One evening I got a call from a neighbor who thought he might have found Olivia. I went over right away, and met more awesome neighbors, and an awesome cat. The cat wasn't Olivia, but she's clearly someone's beloved. My neighbors have been feeding her and going above and beyond trying to find a home for her and are clearly animal lovers. A trip to Argay Cat Clinic revealed a microchip. This cat is now back in its home.

My kind neighbors weren't aware of some of the resources out there to reunite lost pets with their people, and I realized I probably have many neighbors who might care for Olivia if they found her but not know how to get her back home. So I wanted to share some things they can do if they find a lost or stray cat.

If you find a cat or other pet:

* Please take the animal to a vet's office or animal shelter to have it scanned for a microchip.

* Please file a found animal report online, with a photo of the animal if at all possible, with Multnomah County Animal Services at; Dove Lewis Animal Hospital at, Animal Aid at, and under Lost and Found in the Community heading on Portland Craigslist (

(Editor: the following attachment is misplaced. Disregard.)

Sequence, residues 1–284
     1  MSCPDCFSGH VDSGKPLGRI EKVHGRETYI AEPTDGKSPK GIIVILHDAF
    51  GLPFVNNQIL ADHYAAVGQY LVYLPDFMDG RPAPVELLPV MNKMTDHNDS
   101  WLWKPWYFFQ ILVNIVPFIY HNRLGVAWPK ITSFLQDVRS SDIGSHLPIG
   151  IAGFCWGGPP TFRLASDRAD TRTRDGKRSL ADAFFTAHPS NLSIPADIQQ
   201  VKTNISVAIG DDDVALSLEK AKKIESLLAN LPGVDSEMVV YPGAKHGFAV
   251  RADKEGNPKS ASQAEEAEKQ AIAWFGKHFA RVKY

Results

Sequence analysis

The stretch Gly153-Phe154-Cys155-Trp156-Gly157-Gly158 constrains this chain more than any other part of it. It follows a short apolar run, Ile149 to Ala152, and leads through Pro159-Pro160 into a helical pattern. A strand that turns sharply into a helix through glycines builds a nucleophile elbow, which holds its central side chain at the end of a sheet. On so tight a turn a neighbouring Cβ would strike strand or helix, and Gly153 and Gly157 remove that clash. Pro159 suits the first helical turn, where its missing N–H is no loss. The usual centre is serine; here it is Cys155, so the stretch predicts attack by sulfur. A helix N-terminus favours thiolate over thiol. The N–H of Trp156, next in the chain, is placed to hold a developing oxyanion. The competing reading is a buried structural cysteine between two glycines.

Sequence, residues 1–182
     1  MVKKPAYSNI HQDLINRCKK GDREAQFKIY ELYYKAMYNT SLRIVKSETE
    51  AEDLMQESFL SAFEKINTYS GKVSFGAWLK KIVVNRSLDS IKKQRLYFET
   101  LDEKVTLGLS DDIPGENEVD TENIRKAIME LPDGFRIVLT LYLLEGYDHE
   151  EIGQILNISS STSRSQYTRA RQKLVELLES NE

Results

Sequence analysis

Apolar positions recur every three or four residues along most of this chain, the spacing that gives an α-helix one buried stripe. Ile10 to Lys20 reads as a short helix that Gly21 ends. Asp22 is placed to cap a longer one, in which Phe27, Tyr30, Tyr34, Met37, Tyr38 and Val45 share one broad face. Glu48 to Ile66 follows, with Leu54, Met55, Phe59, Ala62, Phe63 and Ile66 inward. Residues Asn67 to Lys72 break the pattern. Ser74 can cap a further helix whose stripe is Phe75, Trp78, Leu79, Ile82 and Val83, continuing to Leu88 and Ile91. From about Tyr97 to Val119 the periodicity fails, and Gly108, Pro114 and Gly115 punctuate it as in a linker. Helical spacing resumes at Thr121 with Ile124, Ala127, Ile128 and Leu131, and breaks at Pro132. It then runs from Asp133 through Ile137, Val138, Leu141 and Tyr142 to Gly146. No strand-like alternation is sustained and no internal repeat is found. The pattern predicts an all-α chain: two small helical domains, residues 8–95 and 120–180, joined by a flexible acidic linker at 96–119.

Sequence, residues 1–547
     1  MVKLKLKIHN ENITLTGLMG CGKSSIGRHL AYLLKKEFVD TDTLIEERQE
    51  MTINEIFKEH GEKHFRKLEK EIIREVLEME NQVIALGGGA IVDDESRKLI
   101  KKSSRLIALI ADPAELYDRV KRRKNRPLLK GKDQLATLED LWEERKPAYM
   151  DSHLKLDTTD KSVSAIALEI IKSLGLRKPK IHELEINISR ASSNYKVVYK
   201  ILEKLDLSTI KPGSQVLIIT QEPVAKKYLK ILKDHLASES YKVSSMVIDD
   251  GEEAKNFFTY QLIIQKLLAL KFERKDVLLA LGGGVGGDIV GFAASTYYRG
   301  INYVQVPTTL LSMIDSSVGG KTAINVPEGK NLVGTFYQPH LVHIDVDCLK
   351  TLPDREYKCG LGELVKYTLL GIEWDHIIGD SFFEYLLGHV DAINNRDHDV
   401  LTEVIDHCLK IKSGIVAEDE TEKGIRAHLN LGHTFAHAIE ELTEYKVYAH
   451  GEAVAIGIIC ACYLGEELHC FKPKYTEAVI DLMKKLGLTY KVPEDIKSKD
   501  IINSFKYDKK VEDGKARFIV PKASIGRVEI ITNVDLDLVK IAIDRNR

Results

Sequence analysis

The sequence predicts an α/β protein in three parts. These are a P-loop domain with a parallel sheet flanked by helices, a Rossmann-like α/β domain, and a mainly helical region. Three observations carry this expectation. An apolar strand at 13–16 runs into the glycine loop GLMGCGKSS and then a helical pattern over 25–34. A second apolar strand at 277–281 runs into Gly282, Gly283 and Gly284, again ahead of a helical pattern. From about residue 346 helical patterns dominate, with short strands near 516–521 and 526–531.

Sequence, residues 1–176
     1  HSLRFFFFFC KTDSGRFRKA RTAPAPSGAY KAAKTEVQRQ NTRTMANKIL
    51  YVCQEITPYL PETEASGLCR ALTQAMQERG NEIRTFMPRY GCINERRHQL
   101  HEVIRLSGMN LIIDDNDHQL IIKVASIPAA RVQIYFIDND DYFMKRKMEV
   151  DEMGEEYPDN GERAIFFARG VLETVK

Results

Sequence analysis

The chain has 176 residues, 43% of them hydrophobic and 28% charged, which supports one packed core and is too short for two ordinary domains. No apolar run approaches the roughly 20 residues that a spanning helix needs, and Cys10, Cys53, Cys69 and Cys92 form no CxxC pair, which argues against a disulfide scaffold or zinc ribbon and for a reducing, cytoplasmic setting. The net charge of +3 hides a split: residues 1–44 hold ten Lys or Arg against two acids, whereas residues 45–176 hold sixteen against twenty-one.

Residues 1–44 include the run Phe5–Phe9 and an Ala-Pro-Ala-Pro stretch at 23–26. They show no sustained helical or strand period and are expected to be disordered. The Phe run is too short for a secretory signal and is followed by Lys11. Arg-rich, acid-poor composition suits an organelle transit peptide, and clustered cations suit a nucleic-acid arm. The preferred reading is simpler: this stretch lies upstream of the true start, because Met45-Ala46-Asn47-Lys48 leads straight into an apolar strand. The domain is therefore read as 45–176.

* Please do the above even if the animal appears to be a stray. An employee at the Multnomah County Animal Shelter told me many cats are missing for six months, and after that long on the streets the most handsome pet would likely look like a stray.

* You can also file a report for a deceased animal at Multnomah County Animal Services and post on Portland Craigslist. This can help pet owners to get closure.

As for Olivia, she is a silvery dark and light gray striped tabby cat with a pink nose, white whiskers, and a lighter color tummy. She's a domestic short hair with a skinny tail. She has an extremely high-pitched mew, like a kitten. She is typically shy and skittish, but will likely come for canned tuna. She was very plump when she went missing on Sept. 11, but many have lost a lot of weight by now.

Please, would you be willing to check your shed or other infrequently used storage areas for Olivia and other people's missing cats. According to Portland Animal Aid, “This is the season when chilly, disoriented cats seek shelter and accidentally get shut in, sometimes for weeks.”

If you have any news of Olivia, please call or text me at 503-290-8255, or post a found pet report at the places listed above. I promise to microchip her as soon as she comes home.

Thanks so much,
Michele Pearce
Russell resident